Trauma care assessment

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Kristin Welch, DVM, DACVECC, criticalist and founder of DVM STAT Consulting, discusses diagnostic techniques, one of the main focus areas of her lecture at Fetch Charlotte.

Kristin Welch, DVM, DACVECC, criticalist and founder of DVM STAT Consulting, presented the lecture “Revolutionizing trauma care: advanced techniques for triage, severity assessment and stabilization” at the 2024 Fetch dvm360 Conference in Charlotte, North Carolina. In an interview with dvm360, she said the presentation was created to help veterinarians in a broad group of practices—from single-doctor general practices to emergency and urgent care practices—feel more comfortable assessing patients with trauma.

Welch discusses some immediate diagnostic techniques, one of the main focus areas of the lecture, in this video. She also shares a recent trauma case that demonstrated to attendees how ultrasound can quickly and easily aid in trauma diagnostics.

The following is a transcript of the video:

Kristin Welch, DVM, DACVECC: Trauma patients are always a big stressor. They give you a huge surge of adrenaline. And you sometimes only have minutes to make decisions that are critical in whether or not that patient lives. And, so, we focused a lot on the immediate diagnostic techniques that can be used to help save their lives. Cageside ultrasound, immediate diagnostic bloodwork, and how to put those little pieces of the puzzle together as part of your minimum database to make sure that you have a good idea of whether this patient has emergent injuries that need immediate surgical stabilization, whether a patient has emergent injuries that can be medically stabilized, or whether they have a combination of injuries, where those nonemergent injuries can be dealt with later, once you've focused on hemodynamic stabilization, fluid therapy, oxygen therapy, transfusion therapy.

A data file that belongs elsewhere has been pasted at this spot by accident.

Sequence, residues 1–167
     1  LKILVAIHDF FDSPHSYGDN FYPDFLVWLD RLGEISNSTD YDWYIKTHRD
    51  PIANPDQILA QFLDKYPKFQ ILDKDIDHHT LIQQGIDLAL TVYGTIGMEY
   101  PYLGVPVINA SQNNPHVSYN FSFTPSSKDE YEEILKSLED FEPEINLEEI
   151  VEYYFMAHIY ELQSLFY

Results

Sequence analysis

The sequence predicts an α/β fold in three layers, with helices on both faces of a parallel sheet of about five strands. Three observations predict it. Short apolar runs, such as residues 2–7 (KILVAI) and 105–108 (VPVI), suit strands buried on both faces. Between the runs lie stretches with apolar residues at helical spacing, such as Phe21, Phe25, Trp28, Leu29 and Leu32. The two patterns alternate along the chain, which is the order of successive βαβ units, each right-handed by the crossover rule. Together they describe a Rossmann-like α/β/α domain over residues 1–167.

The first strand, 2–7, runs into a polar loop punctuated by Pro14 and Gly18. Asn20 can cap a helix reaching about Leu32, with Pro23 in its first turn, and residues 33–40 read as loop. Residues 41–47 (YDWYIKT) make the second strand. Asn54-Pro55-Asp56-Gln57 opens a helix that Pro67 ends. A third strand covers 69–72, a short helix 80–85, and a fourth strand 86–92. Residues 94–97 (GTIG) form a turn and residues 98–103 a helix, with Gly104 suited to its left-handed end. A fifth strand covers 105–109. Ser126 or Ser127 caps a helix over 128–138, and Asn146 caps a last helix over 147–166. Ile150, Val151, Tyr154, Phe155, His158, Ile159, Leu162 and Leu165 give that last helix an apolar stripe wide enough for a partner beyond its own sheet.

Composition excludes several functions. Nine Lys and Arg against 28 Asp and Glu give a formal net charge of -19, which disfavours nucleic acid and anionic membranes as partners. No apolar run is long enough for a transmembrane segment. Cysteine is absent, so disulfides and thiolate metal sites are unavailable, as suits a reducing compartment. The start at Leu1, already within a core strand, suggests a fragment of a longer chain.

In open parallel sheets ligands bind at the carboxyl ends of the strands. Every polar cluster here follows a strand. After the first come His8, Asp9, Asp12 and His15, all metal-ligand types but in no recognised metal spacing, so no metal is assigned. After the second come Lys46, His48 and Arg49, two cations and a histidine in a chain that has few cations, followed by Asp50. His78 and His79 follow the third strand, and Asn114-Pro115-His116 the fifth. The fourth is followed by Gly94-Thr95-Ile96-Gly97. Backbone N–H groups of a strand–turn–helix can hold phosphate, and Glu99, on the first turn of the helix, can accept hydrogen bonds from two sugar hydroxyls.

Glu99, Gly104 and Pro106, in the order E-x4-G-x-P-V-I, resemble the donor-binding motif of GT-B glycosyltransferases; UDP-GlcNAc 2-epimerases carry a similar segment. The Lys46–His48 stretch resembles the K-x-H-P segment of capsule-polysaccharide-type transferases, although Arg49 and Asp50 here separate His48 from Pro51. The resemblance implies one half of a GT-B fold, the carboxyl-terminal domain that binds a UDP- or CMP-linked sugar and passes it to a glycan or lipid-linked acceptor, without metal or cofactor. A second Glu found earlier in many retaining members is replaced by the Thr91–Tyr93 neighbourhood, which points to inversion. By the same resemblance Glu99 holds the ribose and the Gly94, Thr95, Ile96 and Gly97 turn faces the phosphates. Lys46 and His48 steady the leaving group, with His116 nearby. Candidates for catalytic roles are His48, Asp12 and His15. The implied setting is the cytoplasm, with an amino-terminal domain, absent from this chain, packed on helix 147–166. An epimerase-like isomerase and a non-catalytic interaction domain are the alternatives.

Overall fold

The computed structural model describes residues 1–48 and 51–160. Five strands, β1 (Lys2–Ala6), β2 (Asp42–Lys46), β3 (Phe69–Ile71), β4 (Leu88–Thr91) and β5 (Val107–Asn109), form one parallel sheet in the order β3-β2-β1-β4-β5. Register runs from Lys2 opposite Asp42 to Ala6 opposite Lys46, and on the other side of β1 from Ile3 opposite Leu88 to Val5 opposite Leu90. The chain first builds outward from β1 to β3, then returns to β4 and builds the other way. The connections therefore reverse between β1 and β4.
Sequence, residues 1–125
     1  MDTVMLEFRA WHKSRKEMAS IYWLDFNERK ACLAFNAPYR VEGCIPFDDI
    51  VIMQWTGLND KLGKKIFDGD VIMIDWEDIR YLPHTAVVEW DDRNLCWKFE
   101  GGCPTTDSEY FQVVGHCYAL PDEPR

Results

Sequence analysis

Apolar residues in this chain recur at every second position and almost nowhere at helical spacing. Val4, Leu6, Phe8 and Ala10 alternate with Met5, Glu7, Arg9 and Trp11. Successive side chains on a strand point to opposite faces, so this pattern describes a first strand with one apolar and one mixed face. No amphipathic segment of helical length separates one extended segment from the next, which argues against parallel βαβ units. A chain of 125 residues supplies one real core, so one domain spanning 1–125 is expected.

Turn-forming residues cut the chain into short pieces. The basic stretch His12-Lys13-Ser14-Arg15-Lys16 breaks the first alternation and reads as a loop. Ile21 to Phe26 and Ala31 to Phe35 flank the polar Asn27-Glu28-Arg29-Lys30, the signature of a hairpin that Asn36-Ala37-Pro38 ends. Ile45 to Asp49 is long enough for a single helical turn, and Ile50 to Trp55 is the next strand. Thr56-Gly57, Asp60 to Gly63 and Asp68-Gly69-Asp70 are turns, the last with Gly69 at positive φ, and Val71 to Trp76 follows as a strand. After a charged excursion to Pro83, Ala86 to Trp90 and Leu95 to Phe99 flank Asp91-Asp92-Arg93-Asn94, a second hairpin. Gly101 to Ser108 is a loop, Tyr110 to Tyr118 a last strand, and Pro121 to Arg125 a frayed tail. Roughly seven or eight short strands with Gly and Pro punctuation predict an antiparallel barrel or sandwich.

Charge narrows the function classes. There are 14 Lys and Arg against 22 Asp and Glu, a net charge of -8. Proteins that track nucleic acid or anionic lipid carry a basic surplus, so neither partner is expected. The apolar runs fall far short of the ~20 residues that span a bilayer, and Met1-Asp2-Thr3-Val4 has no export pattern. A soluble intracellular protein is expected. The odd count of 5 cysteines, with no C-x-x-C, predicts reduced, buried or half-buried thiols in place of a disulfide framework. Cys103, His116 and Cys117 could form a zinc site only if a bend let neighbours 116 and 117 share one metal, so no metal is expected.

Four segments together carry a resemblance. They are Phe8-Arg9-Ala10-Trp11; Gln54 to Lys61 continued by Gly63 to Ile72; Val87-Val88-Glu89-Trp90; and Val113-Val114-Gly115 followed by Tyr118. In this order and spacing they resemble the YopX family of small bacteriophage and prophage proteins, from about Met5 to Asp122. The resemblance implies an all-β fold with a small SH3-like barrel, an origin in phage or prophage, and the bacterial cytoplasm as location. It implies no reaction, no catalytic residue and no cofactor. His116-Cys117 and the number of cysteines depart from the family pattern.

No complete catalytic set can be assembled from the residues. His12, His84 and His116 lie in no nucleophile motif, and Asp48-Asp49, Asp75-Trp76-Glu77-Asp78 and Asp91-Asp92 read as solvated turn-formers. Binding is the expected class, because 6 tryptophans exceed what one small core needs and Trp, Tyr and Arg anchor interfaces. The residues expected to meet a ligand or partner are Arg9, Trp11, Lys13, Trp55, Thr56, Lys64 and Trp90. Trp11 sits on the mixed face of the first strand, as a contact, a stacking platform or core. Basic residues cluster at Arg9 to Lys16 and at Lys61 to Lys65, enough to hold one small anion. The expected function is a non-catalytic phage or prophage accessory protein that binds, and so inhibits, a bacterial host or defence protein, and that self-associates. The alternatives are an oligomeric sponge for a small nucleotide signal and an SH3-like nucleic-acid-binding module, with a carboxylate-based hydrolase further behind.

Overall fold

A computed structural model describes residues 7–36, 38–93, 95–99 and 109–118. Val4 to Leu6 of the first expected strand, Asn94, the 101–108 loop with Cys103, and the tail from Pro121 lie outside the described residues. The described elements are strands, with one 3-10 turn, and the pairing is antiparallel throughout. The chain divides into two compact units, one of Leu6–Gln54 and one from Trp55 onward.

One of the really neat moments during the talk was when we talked about who in the room has ultrasound that they can use, and almost everybody's hand went up. And the follow up question was ‘who uses ultrasound as part of their trauma triage diagnostics,’ and only about 40% of the room raised their hands. And I had a case, just this past week, it was a dog that had been hit by a car. And, so, I had some videos from just this past week, showing in real time, how quick it is and how easy it is for every doctor in that room to pick up their ultrasound and use it to do a global fast scan on these trauma patients. And after I showed all of those videos, I asked again, if this is something that everybody feels like they can start trying to do on every one of their patients. And everybody's hand went up.

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